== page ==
Friday, August 24, 2012

Finding Compassion in Silence

The last post discussed what it means to use our words to bring peace, how our words can be our yoga. What about using our silence?

My senior year in high school, I decided to ask many of my friends and family what they considered a good friend. I got a lot of answers, most of which I have forgotten. But one stuck with me. And to be honest, I cannot remember, for sure, whose response it was, but I am pretty sure I remember. The response was simple.

A good friend is someone with whom you can sit in silence. So profound. So true.

Our interactions with one another can be through words. And often they are. But how do we interact with one another in silence? Is our silent interaction different depending on whether we are in the same room as someone? Does it matter if we know the person with whom we are “interacting”?

The modern world, I think, would try to say yes. Many people believe we cannot interact with someone we do not know. Many people think we cannot interact with someone who is not physically present. But yoga teaches another type of interaction – silent and to anyone in the world. It can best be described as compassion.

I have been reading a lot recently about compassion. This topic consumed me for years, and I read everything I could about it, and then I just stopped. I did not stop trying to be compassionate, but it fell off my reading-list radar. But I see it more and more as a necessity in the world. As the Dalai Lama has said, “If you want others to be happy, practice compassion. If you want to be happy, practice compassion.”

There are tomes written about compassion. At its essence, compassion is sympathy for others’ suffering as well as a desire to help alleviate that suffering. Buddhism teaches that suffering is inevitable, so compassion is a connection to all beings because all beings suffer.

Sometimes this sense of compassion is lost when there is too much noise. Noise can be our gossip or our own judgments. Noise can be our words, whether kind or malicious. It is when we are silent that we can truly begin to feel compassion. For me, the yoga mat has been a place to cultivate compassion. It is necessary to have compassion for ourselves on the mat, but it was when I began to offer my practice to others that my practice truly transformed.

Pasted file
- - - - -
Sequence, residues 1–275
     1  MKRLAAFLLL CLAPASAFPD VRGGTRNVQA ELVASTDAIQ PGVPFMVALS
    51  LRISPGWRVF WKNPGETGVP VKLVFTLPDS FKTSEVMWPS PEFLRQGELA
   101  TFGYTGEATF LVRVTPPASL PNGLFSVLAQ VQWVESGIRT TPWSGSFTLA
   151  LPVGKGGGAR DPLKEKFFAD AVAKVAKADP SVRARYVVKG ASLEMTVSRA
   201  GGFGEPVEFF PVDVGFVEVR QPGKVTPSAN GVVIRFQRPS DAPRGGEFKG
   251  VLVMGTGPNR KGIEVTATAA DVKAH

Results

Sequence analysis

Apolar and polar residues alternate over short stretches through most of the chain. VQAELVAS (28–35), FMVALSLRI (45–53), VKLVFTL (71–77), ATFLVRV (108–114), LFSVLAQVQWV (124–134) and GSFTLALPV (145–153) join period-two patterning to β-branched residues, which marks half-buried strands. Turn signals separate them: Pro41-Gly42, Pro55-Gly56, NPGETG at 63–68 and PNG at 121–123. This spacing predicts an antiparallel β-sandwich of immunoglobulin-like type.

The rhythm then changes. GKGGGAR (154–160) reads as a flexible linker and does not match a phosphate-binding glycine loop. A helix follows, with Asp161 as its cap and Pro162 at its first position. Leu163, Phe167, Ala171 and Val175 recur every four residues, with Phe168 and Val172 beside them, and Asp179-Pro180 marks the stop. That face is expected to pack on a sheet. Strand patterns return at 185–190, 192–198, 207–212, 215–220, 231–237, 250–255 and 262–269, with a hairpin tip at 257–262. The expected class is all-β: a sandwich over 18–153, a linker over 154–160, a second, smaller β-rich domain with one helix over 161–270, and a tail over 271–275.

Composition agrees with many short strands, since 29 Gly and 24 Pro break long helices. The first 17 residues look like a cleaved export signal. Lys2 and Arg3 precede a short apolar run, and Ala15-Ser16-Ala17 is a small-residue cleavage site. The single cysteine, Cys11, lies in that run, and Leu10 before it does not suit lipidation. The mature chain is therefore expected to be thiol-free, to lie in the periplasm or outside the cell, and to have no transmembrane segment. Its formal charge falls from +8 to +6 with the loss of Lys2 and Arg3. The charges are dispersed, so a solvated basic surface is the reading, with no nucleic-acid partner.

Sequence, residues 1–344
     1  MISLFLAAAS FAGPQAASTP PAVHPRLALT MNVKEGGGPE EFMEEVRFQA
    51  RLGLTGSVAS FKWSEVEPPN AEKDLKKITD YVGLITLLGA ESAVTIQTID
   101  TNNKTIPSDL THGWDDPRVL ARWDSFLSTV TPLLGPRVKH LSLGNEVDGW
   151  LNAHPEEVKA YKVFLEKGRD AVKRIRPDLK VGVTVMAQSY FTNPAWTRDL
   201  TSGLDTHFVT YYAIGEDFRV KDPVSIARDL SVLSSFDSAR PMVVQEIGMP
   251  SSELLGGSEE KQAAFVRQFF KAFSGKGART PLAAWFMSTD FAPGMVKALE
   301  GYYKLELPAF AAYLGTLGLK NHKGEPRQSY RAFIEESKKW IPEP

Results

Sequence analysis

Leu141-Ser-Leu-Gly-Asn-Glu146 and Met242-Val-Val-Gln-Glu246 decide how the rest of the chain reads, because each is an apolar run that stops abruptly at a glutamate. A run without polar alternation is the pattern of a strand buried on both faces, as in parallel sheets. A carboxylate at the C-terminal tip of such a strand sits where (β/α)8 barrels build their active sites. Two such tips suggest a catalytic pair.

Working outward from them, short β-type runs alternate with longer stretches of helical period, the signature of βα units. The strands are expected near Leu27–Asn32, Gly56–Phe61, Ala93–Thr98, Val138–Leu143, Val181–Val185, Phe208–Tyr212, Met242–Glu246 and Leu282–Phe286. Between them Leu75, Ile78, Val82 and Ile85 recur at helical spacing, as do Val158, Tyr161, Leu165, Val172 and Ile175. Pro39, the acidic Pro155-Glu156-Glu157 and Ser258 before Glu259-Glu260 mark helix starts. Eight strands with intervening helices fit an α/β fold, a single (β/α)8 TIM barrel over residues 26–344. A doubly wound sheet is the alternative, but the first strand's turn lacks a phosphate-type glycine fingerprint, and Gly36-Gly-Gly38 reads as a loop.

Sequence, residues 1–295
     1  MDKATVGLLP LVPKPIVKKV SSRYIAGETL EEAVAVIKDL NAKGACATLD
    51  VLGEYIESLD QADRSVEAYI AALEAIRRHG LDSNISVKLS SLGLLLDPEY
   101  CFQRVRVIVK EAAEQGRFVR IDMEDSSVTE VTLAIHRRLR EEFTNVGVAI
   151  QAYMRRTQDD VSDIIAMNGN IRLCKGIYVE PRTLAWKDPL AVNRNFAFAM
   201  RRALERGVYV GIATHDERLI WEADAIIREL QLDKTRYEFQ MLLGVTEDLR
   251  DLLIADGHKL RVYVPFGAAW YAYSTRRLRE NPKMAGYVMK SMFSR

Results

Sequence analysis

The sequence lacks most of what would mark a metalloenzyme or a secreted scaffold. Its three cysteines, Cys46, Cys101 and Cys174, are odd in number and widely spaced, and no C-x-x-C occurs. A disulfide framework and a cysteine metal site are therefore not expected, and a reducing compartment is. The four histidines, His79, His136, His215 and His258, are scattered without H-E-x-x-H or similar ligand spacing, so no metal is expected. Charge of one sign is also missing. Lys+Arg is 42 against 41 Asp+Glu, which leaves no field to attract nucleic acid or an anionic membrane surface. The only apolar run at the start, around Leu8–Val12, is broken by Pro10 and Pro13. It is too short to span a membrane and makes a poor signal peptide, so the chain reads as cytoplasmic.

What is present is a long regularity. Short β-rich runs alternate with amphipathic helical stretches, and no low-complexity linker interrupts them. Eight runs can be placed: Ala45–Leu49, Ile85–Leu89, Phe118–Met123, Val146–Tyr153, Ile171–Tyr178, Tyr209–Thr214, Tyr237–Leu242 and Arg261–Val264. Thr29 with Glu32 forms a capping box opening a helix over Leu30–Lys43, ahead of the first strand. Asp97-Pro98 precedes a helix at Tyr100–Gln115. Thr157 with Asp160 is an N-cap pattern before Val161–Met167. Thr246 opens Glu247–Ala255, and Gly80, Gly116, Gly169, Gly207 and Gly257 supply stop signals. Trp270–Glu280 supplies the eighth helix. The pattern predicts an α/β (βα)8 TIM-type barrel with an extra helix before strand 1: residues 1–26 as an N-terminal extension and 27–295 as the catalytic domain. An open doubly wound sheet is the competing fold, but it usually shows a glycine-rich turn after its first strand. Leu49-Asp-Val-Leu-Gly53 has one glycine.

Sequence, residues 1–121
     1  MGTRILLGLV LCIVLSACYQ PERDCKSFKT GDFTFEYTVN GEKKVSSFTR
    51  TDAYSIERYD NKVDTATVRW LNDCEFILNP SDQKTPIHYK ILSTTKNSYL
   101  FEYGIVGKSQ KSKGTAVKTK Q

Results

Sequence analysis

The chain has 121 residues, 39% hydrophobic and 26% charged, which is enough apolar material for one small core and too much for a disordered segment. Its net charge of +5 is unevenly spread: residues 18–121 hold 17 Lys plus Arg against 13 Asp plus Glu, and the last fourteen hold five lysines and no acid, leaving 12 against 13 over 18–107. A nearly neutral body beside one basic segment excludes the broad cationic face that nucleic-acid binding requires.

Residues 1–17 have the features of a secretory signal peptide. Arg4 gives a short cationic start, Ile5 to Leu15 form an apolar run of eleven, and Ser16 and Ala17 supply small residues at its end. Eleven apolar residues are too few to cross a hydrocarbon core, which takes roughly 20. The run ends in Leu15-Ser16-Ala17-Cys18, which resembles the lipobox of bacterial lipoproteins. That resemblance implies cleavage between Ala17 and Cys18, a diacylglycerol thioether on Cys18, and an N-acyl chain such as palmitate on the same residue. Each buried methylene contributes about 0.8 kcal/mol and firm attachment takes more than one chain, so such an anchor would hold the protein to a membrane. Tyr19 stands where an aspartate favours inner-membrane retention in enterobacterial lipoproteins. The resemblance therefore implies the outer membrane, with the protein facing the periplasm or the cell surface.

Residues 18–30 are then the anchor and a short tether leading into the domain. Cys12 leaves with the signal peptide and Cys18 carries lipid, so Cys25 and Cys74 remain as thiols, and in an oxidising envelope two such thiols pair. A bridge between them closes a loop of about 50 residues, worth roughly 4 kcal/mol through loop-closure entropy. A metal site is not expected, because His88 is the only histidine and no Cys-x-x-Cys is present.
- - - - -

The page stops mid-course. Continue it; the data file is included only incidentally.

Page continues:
At the end of my practice, I always try to remember to offer the practice to others. Sometimes there is someone, or several people, in particular who I believe are in need of the benefits of a yoga practice. Sometimes, when no one immediately comes to mind, I offer the practice to the world. While this practice may seem to be impossible, the truth is that our language is full of our beliefs that it is possible. We talk about sending good thoughts and love. We offer prayers for people. These are all moments of compassion.

But the first step is quieting the mind, getting out of the world where our judgments rule and into the world where we can tune into the heart and find compassion for all beings. My high school friend was onto something. While friendships might be created on playgrounds, late at night in dorm rooms, and at the water cooler, the best friends are those with whom we can be in silence. Because it is with those friends where we truly feel our deepest compassion and connection.

And through our continued silence, we can spread that compassion to the world. I would love to hear your thoughts on how you try to grow and share your compassion.


© Rebecca Stahl 2012, all rights reserved. 


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